How does the Godlike love for the Israelites contrast with the Pharaonic desire for the same people? In this parashah, God speaks to Moses on numerous occasions to request that he convey commandments to the Israelites. God instructs Moses to change course to trick Pharaoh into believing the Israelites are lost and vulnerable; to lift his staff so the sea parts for the Israelites, and again so the water crashes back over their pursuers; to toss a stick in water so that it becomes potable; to produce more drinking water by striking a rock with the same staff that once spoiled the Egyptians’ water source; to predict the mysterious arrival of quail and an edible seedlike substance called manna; and to forbid the gathering of manna on the sabbath. God also announces that he will protect the Israelites from disease (as long as they obey his commandments) and that he will ensure the destruction of their military enemy Amalek. God’s love manifests, therefore, as a care plan. This plan includes short-term survival with food, water, and weapons and also involves the long-term cultivation of the social leadership of Moses and Aaron, the battle command of Joshua, the faith of the downtrodden and the newly liberated, and the national identity constituted by a covenant with God.

How do the Israelites respond to God’s care plan? Mostly, of course, they complain. They are used to responding to orders inspired by the passionate tyranny of Pharaoh and they are not yet confident that God has a better plan. (No wonder God prefers to talk privately with Moses!) When everything occurs as Moses promises, they still want to return to Pharaoh’s abuse. They are familiar with Pharaoh’s fatally crushing desire to control their every move and thought, and somehow that seems less threatening than God’s inscrutable hope for their freedom and his insistence on their spiritual development.

In our own relationships with each other, it is frighteningly easy to become like Pharaoh. There is a narcissistic little dictator that stomps all over the wounded heart and frequently needs to be put to bed, lest we become the very evil we are running away from. On the other hand, we receive a lesson in human limitation when we aspire to become like God leading a nation to freedom. During the Exodus, God saw the future, worked miracles, and provided for the needs of generations. We don’t have such clear, simple knowledge or power with which to infuse our loving care for each other.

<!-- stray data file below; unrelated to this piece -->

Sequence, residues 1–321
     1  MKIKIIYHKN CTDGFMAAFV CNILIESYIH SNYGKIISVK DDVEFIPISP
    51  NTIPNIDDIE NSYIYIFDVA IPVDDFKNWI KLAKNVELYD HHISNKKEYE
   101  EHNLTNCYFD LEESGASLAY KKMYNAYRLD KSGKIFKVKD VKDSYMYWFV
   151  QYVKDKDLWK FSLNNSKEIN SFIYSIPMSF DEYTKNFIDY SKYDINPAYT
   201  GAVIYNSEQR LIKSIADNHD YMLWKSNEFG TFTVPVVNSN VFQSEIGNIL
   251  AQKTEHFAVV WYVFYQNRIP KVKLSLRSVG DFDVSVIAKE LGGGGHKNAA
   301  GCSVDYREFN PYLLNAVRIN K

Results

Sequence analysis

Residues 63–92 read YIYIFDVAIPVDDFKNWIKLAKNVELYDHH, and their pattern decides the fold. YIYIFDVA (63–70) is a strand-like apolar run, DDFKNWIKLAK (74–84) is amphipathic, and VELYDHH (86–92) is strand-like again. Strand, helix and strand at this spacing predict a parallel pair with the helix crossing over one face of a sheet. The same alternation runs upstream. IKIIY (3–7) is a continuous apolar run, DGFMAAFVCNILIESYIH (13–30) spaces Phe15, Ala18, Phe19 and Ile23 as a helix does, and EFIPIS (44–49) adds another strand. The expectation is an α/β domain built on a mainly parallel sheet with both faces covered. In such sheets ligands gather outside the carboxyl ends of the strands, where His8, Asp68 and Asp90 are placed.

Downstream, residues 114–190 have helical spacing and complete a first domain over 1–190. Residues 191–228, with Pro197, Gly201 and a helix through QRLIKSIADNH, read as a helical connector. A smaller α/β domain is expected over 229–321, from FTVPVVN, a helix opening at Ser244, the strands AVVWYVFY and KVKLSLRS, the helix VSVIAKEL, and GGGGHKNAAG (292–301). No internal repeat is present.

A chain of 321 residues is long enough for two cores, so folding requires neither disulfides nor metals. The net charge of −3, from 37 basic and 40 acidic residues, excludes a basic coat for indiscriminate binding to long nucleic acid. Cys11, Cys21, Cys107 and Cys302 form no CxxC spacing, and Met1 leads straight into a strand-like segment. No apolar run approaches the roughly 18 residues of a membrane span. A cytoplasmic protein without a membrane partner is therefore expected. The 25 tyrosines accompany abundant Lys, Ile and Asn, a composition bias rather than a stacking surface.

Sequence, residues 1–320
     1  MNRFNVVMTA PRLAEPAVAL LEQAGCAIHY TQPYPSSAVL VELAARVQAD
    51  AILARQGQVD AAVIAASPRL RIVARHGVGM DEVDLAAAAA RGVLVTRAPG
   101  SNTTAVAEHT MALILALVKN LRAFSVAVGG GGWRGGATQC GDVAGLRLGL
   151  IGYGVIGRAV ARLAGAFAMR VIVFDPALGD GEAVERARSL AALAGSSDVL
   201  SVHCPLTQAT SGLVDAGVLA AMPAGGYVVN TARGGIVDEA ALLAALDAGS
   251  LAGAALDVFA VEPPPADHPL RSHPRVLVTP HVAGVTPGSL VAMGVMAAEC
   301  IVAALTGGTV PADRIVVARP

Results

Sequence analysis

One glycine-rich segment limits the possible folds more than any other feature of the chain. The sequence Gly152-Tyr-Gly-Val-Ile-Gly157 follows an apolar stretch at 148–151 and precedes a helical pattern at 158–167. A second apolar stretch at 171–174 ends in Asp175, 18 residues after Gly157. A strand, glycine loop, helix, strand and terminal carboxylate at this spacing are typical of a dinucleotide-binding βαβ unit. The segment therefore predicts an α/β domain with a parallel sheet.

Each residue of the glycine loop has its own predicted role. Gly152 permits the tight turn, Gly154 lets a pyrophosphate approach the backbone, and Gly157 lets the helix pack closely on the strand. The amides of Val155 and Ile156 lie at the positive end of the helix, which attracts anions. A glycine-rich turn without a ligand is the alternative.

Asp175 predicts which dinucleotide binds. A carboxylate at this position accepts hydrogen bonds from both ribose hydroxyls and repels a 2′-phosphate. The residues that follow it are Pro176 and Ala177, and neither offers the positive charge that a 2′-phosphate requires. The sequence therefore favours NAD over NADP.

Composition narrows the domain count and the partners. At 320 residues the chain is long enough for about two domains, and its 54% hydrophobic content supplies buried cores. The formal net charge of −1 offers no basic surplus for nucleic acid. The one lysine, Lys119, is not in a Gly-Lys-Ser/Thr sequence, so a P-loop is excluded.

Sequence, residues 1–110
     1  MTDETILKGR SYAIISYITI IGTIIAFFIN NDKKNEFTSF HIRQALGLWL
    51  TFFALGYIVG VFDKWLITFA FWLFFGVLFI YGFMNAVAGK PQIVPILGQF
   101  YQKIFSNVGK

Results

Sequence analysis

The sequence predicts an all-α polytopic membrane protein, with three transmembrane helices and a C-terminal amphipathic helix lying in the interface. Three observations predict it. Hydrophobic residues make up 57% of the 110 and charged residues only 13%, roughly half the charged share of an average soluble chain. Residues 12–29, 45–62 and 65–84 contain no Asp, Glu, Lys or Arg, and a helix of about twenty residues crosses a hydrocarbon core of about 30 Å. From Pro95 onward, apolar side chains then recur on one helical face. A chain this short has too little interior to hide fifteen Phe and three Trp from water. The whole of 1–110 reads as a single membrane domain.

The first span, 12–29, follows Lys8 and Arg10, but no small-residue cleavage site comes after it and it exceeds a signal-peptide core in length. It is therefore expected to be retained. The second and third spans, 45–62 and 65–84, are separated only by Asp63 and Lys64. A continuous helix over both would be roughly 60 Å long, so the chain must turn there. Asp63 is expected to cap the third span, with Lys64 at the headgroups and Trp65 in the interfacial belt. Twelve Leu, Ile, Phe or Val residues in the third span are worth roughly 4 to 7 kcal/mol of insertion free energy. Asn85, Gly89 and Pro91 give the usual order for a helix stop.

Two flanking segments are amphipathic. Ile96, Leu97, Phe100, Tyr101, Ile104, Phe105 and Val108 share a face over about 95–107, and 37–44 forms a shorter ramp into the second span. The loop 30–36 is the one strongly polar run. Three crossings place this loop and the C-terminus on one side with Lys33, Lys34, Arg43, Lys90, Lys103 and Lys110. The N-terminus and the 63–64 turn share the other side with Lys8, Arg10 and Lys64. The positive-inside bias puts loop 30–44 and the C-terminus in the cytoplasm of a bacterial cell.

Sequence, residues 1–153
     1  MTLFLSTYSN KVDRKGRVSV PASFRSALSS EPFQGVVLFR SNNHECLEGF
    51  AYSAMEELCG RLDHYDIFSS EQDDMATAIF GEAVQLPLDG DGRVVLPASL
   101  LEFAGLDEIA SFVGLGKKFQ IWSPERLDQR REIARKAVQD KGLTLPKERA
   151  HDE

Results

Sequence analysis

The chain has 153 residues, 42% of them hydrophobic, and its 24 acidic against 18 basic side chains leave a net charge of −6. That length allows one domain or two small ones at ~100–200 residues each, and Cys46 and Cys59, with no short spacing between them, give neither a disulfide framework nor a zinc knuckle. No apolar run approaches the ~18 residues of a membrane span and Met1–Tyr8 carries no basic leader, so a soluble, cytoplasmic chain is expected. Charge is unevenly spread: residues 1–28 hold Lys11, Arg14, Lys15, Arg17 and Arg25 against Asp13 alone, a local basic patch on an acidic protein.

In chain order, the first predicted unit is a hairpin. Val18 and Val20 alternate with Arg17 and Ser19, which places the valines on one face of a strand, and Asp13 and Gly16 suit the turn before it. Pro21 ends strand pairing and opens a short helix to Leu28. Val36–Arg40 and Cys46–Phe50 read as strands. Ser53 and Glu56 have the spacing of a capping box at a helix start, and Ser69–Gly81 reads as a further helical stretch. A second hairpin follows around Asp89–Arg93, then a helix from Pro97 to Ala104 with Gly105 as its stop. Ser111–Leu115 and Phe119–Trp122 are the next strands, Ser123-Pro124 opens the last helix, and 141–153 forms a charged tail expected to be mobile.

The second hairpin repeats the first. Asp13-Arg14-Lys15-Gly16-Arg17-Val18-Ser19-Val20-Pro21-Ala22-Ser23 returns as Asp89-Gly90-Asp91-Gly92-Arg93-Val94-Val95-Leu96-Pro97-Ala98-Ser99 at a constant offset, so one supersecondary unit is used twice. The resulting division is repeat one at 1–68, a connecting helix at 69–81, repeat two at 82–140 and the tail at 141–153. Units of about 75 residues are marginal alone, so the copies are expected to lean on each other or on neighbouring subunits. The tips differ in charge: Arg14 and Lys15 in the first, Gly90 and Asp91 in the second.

What, then, if anything, can we infer about human love from this radical moment of deliverance? Beshalach can teach us to encourage each other on our journeys. We need such encouragement especially when we are not ready to accept necessary changes. Limited as we are, it is difficult to see how we need to grow and how others need to grow; yet trying to ascertain the needs of ourselves and others, and then encouraging the pursuit of those needs, is part of a non-possessive love that demonstrates true caring.

The love we share in the spirit of liberty is a powerful force that can burst through rigid social structures and institutions that regulate how we relate to each other. Even in queer communities we often encounter such regulation: each sexual and gender sub-identity with its own label, its own parameters of sexual attractiveness, and its own strong opinions about how to dress, talk, act, think, or worship. When we truly love, we move beyond these labels. We are no longer just workers, relatives, spouses, congregants, or gays in a particular time and culture. We are healers, beings whose love changes everything about our world and our future.

Beshalach teaches us that it is important to plan for each other’s material and psychological needs, as God did for us, yet it also reminds us that we are not locked into a single survival strategy because, after all, there is more than one path we can take in life. Our loving task is to help each other, even through moments of trial and periods of scarcity, find the paths of greatest enrichment and shine light into the world.

Keshet